Kurt Busch passes Indy 500 Rookie Orientation Program (VIDEO)

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Yesterday, NASCAR Sprint Cup Series driver Kurt Busch called his attempt to run the Indianapolis 500 and Coca-Cola 600 an “amazing challenge.”

Today, that challenge began at the Indianapolis Motor Speedway, where Busch strapped into his No. 26 Andretti Autosport Honda and worked through the three-phase Rookie Orientation Program that all ‘500’ first-timers must pass.

Afternoon rains curtailed the day’s proceedings at IMS, but not before “The Outlaw” had completed his ROP. He ran 66 circuits around the 2.5-mile oval, setting a fast lap of 220.844 miles per hour.

Busch’s outing drew some interested observers to the Speedway, including his Andretti teammates Ryan Hunter-Reay, Marco Andretti, and James Hinchcliffe, as well as a horde of media.

“It really makes you think,” Busch said. “Overall, it was a good day just to settle in with the team and advance further than rookie orientation. It felt good to give feedback to the team from the car and have them explain things to me how we’re going to move forward.

“They continued to change downforce combinations on the car and it was just neat to feel all that and check it off the list. The last run we made was just about where they would unload for race trim.”

Busch is aiming to become the fourth driver ever to race in both the Indy 500 and Coke 600 on the same day, and the second driver to finish all 1,100 miles; his NASCAR teammate and boss, Tony Stewart, completed that feat in 2001 for Chip Ganassi Racing at the ‘500’ and Joe Gibbs Racing at the ‘600.’

Last May at Indy, Busch tested an Andretti machine, running 83 laps with a fast lap at 218.210 miles per hour. In that test, he passed a simulated version of the ROP.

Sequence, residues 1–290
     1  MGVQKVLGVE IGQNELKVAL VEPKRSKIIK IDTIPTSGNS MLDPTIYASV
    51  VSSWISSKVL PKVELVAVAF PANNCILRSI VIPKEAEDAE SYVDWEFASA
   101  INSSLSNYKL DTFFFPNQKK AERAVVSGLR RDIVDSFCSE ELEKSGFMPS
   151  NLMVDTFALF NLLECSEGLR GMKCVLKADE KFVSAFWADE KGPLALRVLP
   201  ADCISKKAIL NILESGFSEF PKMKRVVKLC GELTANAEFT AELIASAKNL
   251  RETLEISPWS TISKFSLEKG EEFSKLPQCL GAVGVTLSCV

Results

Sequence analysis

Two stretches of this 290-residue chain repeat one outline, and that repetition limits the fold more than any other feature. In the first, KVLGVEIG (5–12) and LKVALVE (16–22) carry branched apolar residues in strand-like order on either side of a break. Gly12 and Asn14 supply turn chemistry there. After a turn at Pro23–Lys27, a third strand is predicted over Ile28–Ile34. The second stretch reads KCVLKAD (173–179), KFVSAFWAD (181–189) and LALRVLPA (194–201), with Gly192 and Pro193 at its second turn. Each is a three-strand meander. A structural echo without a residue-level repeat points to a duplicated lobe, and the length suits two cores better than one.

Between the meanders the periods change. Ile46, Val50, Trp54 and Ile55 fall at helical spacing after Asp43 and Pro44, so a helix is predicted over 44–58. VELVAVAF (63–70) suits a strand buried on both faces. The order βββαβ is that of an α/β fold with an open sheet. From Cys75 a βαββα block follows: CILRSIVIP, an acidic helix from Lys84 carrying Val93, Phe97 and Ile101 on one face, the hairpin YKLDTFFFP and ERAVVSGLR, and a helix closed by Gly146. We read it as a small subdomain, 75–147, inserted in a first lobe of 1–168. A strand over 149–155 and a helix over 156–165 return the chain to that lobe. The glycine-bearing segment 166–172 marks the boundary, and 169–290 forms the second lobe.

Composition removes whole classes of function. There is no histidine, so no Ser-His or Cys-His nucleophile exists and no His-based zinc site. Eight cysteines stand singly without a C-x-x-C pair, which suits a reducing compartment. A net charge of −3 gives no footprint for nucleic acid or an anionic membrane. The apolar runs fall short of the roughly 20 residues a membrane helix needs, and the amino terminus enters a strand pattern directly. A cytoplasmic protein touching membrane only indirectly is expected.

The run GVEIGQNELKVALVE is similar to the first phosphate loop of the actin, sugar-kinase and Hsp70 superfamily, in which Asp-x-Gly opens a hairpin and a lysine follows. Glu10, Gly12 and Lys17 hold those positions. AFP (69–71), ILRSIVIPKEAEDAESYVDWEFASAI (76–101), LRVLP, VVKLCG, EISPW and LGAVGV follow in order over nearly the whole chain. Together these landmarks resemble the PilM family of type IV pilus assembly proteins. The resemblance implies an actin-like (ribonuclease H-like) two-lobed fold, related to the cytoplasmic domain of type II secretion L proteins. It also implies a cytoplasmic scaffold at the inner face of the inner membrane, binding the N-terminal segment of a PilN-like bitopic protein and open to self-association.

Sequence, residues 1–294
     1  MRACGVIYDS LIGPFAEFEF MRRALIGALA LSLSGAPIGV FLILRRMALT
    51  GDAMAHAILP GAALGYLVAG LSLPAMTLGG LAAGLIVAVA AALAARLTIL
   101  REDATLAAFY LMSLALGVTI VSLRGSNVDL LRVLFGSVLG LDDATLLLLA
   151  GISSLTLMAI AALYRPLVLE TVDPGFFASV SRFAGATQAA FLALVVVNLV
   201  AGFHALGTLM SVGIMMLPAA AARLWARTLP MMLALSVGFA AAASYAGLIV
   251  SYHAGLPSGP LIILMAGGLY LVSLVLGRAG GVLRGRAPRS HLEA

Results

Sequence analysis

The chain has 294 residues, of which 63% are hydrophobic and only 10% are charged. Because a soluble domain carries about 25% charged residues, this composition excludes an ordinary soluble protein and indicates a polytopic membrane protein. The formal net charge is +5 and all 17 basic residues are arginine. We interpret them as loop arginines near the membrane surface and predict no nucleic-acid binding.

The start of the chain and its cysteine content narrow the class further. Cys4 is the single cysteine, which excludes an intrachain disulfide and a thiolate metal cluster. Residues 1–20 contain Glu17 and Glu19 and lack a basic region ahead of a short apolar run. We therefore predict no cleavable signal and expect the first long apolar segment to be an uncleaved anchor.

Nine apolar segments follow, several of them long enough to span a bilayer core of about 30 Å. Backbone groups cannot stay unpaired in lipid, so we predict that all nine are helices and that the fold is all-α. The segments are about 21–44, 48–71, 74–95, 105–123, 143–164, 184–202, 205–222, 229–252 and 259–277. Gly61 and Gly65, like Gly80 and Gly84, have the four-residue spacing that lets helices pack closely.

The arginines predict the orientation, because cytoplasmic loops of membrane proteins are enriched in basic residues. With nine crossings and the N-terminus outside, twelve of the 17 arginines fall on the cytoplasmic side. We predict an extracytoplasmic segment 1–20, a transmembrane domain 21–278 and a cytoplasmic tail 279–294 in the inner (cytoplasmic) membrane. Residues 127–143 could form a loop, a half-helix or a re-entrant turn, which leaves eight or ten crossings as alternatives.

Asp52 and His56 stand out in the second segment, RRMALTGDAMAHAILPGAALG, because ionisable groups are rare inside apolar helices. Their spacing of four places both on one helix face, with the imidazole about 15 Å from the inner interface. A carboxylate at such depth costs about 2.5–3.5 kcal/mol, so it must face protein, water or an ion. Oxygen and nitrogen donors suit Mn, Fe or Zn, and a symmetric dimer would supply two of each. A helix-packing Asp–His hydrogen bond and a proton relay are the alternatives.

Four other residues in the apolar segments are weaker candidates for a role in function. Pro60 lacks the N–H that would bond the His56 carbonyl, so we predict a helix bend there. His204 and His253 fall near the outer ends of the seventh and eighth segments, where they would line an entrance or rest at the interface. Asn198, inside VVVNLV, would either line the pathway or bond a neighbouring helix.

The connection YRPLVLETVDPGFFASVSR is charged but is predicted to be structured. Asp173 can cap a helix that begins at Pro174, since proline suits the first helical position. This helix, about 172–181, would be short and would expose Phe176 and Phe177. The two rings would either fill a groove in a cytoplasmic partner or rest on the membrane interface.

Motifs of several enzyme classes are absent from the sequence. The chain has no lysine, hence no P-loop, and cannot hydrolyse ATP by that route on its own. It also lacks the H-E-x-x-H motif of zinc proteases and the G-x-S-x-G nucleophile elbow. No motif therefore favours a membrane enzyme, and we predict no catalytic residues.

But now that he’s passed the official ROP, Busch is cleared to take part in official ‘500’ practice, which begins on May 11, one day after the Sprint Cup race at Kansas Speedway.

He is also slated to take additional laps at Indy with the other ‘500’ rookies on May 5.

“Now that all the newness and moments of smiling and ‘this is Indy’ are wearing off, that’s when the serious hat goes on and we start to ramp up the program,” said Busch.

MRTI: Keith Donegan earns Mazda Shootout Scholarship

Photo: Indianapolis Motor Speedway, LLC Photography
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Dublin, Ireland’s Keith Donegan claimed a $200K scholarship from Mazda after emerging victorious at the second annual Mazda Road to Indy Shootout. The 20-year-old Donegan earned an at-large nomination for the scholarship based on his performance at this year’s Formula Ford Festival, in which he finished second in the final, and emerged from a pack of 17 drivers from across the globe to claim the scholarship.

“It really hasn’t hit me yet,” said an emotional Donegan, who earlier in his career actually spent two years away from racing as he focused on academics. “The weekend was really good and I enjoyed it. I have to say a huge thanks to Mazda and Cooper Tires and everyone at the Mazda Road to Indy. I enjoyed every moment. Throughout the weekend we were consistent and I kept the small things in check. I didn’t make any stupid mistakes and kept my head cool and that really paid off in the end.”

The two-day shootout was held at the Bondurant Racing School in Arizona and saw the nominated drivers tackle the school’s 1.6-mile circuit in Formula Mazda race cars before facing on and off-track assessments. Donegan was selected by a panel of judges that included former driver and current Verizon IndyCar Series TV analyst Scott Goodyear, Mazda drivers Tom Long, Andrew Carbonell, and Jonathan Bomarito, as well as Victor Franzoni – the current champion of the Pro Mazda Championship Presented by Cooper Tires – and Oliver Askew, the current champion of the Cooper Tires USF2000 Championship Powered by Mazda.

Donegan was humbled to be in the presence of drivers who have won scholarships and championships previously, and added that he is grateful to have the opportunity to continue his racing career.

“You see all these champions here today that will go on to great things in the future and I’m sure the names you see here today aren’t going to disappear,” Donegan added. “They will be back up there and I’m sure I will be racing them again some day. It is an unbelievable opportunity to be given and for Mazda to provide that for any young driver. It just gives that bit of motivation that you need because the [U.S.] is where you need to go to become a professional these days. It is such a boost to my career.”

Donegan is now slated to join the 2018 USF2000 championship, with further announcements regarding the team with whom he’ll be racing to come in the future.

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